- Outreach and recruitment to traditionally underrepresented groups
- Attracting and retaining the brightest and the best from all sources of labour
- Eliminate non-job factors such as gender-specific traits and/or racial, age, dis/ability, appearance preferences or culturally specific behaviours from recruitment, job evaluation and advancement processes
- Treat people as professionals, not as stereotypes that make assumptions about job ability/inability
Eliminating non-job factors from recruitment includes planning the interview process
- Use an interview panel of at least two people rather than a single interviewer. This may capture information that a single interviewer may overlook.
- Strive to include panel members from underrepresented groups. This can provide perspectives from a different viewpoint.
- Train interviewers on unconscious bias and awareness of invisible barriers affecting women and other underrepresented groups.
- Identify standardized interview questions based on the qualifications required to be successful in the skilled trades, not on traits associated with gender, race or culture.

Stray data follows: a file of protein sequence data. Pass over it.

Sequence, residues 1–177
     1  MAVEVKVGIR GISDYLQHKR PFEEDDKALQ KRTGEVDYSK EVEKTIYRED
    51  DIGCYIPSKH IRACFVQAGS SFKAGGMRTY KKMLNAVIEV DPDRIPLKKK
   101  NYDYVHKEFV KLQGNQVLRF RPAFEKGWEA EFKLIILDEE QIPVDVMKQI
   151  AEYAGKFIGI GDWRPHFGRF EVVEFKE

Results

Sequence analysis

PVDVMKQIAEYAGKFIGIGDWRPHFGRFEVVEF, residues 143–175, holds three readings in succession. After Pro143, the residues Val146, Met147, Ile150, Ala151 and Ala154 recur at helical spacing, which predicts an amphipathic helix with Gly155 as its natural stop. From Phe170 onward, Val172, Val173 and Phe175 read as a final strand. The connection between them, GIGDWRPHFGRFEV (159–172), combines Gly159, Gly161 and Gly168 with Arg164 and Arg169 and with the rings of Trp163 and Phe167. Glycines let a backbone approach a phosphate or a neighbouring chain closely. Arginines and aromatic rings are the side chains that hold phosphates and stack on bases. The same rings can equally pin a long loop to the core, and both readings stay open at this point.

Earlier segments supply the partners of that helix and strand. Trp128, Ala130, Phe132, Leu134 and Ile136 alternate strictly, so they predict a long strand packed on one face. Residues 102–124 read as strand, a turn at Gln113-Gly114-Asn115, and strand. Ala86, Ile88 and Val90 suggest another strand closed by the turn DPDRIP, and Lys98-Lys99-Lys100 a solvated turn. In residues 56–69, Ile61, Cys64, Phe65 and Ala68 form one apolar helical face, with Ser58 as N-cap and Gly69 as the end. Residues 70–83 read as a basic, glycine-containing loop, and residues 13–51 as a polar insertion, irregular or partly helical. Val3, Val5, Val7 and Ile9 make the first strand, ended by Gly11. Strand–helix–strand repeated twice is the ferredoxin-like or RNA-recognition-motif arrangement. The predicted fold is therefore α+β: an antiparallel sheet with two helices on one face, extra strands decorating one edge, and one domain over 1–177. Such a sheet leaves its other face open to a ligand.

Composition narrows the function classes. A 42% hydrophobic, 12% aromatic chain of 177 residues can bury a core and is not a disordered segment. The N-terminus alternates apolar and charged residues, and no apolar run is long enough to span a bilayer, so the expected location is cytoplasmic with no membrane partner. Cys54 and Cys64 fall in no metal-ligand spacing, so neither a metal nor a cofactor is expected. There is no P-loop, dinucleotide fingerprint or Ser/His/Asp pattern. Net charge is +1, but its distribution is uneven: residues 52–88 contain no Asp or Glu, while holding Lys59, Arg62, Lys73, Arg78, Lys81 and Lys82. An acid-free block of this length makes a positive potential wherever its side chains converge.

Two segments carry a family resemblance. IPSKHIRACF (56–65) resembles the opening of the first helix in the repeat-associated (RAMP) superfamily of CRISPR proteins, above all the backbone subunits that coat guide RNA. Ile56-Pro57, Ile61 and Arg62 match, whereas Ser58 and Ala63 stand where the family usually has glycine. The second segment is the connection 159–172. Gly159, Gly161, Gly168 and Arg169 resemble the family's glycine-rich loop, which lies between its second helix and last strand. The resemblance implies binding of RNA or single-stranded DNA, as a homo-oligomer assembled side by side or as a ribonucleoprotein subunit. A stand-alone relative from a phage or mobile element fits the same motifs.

- A few key traits to look for, in addition to evidence of technical training and skills, are a candidate's time management skills, ability to overcome obstacles, and ability to work well in a team.
Previous installment: How bias can influence personal and business decisions
- Advancing Women in the Skilled Trades. A project from the YWCA Hamilton and Workforce Planning Hamilton. Available at www.advancewomenintrades.com/recruit
- Build Together Women of the Building Trades and Canada's Building Trades Unions. Building Cultural Competency and Respect for Diversity. Available at www.buildtogether.ca/resources/respectful-workplaces
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What is the single most important personal quality of an excellent tradesperson?
This project has been funded by Status of Women Canada.